Cy Young 63.2 8 2728.1 2.00 147 0.97
Lefty Grove 42.5 8 1539.2 3.34 143 1.321
Lius Tiant 34.1 8 1774.2 3.36 118 1.201
269.4 44 10200.7

Brooklyn/LA Dodgers WAR Years IP ERA ERA+ WHIP
Dazzy Vance 59.8 11 2706.2 3.15 130 1.209
Don Drysdale 57.4 14 3432 2.95 121 1.148
Sandy Koufax 50.3 12 2324.1 2.76 131 1.106
Don Sutton 46.6 15 3729 3.07 111 1.117
Nap Rucker 45.5 10 2375.1 2.42 118 1.175
259.6 62 14566.4

Athletics WAR Years IP ERA ERA+ WHIP
Eddie Plank 69.5 14 3860.2 2.39 120 1.127
Lefty Grove 61.2 9 2401 2.88 151 1.278
Eddie Rommel 46.2 13 2556.1 3.54 121 1.351
Rube Waddell 44.5 6 2961.1 1.97 135 1.102
Tim Hudson 40.5 6 1240.2 3.30 136 1.222
261.9 48 13018.6

White Sox WAR Years IP ERA ERA+ WHIP
Red Faber 61.9 20 4086.2 3.15 119 1.302
Ted Lyons 60.7 21 4158.2 3.67 118 1.348
Ed Walsh 59.6 14 2946.1 1.81 146 0.995
Wilbur Wood 49.1 12 2524.2 3.18 114 1.232
Eddie Cicotte 47.2 9 2322.1 2.25 123 1.154
278.5 76 16036.8

Twins/Senators WAR Years IP ERA ERA+ WHIP
Walter Johnson 144.7 21 5914.1 2.17 147 1.061
Bert Blyleven 46.3 11 2566.2 3.28 119 1.186
Brad Radke 42.6 12 2451 4.22 113 1.260
Johan Santana 34 8 2019.1 3.22 141 1.128
Camilo Pascual 30.8 13 2930.2 3.66 106 1.295
298.4 65 15880.6

Christy Mathewson 91.1 17 4788.2 2.12 136 1.058
Carl Hubbell 65.3 16 3590.1 2.98 130 1.166
Juan Marichal 58.9 14 3507 2.89 123 1.101
Gaylord Perry 34.6 10 2294.1 2.96 119 1.152
Joe McGinnity 31.7 7 2151.1 2.38 118 1.116
281.6 64 16330.5

As you can see, determining the top all-time rotation is a very subjective process. It all comes down to what you value the most. The Giants have the lowest rotational ERA with every pitcher posting a sub-3.00 clip, but I hesitate to call them the best because ERA by itself can be misleading. ERA must be understood in the context of the run environment of each pitcher's day. A pitcher can benefit tremendously from pitching in an offensively poor era or in a pitcher-friendly ballpark. ERA+ adjusts for those factors, and is set to a scale where the average ERA+ is 100 and an ERA+ of 125 is 25% better than average, etc.

Looking at ERA+, the Red Sox come out #1 by far. Their 3rd lowest ERA+, Clemens, is higher than anyone's on the Phillies, Dodgers, or Giants. And they had Pedro Martinez, who's first 6 years with the Red Sox might have been the best 6-year stretch by any pitcher in baseball history. The problem with the Red Sox, however, is that their best pitchers were with them for only short amounts of time. Almost every one of their pitchers spent parts of their prime on other teams. Their pitchers have pitched the fewest years (44) and second fewest IP of any of the above teams. If ranking the rotations by ERA+, without having done the math, it appears an absurdly close race between each other team above for second place.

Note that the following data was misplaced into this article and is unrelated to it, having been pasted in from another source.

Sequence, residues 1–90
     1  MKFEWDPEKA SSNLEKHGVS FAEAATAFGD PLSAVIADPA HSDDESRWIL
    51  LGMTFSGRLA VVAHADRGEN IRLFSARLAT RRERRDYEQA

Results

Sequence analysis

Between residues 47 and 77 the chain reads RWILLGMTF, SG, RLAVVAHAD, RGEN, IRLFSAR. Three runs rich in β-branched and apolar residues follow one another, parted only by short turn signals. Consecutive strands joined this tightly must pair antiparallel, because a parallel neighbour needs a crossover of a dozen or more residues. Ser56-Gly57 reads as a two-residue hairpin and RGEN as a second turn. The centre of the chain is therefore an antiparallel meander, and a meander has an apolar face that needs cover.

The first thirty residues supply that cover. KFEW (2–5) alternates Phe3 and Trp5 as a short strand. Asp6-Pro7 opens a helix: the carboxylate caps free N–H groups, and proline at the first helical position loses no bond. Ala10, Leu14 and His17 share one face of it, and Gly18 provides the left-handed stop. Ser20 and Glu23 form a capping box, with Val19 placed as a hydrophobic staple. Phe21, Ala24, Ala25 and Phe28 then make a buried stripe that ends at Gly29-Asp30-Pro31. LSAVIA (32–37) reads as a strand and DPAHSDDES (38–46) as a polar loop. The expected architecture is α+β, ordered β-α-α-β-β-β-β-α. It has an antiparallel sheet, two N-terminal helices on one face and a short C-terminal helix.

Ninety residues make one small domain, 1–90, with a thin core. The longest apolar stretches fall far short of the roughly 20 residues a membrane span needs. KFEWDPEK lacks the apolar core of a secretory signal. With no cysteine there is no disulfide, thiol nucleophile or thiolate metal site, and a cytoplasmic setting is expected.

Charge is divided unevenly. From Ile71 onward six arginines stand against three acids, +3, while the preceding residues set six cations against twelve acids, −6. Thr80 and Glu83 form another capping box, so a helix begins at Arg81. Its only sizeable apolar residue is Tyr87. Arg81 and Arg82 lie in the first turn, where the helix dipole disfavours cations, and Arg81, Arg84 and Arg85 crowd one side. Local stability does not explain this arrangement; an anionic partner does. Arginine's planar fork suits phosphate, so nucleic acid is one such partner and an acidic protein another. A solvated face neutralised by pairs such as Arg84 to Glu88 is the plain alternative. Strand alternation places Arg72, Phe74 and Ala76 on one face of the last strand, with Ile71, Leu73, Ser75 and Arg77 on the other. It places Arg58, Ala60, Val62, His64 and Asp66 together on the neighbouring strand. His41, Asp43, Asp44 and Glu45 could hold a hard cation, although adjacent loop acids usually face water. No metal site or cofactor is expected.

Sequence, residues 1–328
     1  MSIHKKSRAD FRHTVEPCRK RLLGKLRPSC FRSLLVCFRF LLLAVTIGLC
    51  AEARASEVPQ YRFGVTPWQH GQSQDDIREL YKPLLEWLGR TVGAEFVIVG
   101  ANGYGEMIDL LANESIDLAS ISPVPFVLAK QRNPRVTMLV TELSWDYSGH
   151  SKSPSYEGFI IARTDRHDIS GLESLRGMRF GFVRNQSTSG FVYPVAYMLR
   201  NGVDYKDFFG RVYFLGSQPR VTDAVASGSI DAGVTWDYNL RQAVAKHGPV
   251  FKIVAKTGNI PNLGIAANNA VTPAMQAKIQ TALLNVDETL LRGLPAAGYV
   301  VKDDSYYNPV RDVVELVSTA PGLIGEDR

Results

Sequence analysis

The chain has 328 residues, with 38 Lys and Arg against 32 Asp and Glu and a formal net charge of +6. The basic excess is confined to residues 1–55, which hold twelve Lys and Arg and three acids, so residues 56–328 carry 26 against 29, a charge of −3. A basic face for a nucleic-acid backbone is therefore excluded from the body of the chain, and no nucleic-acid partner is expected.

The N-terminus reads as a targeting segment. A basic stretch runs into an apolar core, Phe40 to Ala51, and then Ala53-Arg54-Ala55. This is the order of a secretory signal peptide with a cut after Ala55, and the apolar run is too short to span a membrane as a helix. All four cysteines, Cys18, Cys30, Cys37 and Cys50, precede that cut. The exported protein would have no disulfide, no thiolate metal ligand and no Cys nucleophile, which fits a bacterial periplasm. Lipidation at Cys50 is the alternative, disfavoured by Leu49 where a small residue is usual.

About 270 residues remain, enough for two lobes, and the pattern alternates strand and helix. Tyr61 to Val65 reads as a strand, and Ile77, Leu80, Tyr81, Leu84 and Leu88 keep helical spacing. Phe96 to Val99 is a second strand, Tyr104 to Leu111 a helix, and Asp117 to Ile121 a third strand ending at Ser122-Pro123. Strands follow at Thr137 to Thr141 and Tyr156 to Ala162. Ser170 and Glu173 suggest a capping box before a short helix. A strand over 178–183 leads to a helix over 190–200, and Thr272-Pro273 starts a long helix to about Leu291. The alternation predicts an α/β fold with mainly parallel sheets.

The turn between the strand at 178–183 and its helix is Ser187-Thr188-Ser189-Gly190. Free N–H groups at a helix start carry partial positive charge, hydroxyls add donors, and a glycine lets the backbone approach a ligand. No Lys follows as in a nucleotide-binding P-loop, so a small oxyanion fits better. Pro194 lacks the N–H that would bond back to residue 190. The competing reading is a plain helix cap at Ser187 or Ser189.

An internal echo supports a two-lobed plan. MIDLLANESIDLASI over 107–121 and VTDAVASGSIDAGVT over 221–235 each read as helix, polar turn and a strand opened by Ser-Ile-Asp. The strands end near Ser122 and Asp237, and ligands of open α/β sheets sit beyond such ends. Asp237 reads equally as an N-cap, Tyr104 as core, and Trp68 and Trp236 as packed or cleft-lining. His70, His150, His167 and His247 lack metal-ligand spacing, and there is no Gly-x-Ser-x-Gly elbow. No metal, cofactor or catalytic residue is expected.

If you want to place an emphasis on greatness and longevity with a team, I think the Braves are the clear #1, accumulating more than 50 WAR greater than the next best team (Twins). Spahn, Niekro and Smoltz each pitched 20 years with an ERA+ of 120 or greater, suggesting, at the very least, extreme reliability and consistency outside of their peak years. The really impressive thing about this rotation is that each pitcher spent the entirety (except for 1 Maddux-year) of their quite-lengthy primes with the Braves. And if longevity is a major determinant in the rankings, then I think 2nd place is close between the Giants, White Sox, and Dodgers. You could make an argument for the Twins here, but the majority of their strength comes from just 1 pitcher - Walter Johnson. As transcendent as he was, he remains an outlier on an otherwise below average (amongst the above lists) staff.

Of course, there are other ways to rank pitching rotations and evaluate pitchers careers. One very common way is to only look at each pitcher's prime, his top 6-8 consecutive years while on the team, to bracket out rocky rookie seasons and sub-par, often injury-riddled, career twilights. The pitchers to make the cut would definitely change - for example, I'm sure Catfish Hunter would make it for the A's. Of course, that method would emphasize strength of prime over length of prime, and little credit would be given to pitchers who managed to stay great for a decade or more. Its hard almost impossible to predict who would come out on top in that method. Greg Maddux and Warran Spahn had amazing primes. But then again, so did Clemens and Martinez, and Carlton and Alexander, and Koufax and Vance, and Grove, Plank and Waddell, and Mathewson, Hubbell, Marichal and Perry. Let's not forget Walter Johnson.

Whichever method you choose, I think the Braves stack up against the best of the best. Ranking and arguing about ranking players is always fun.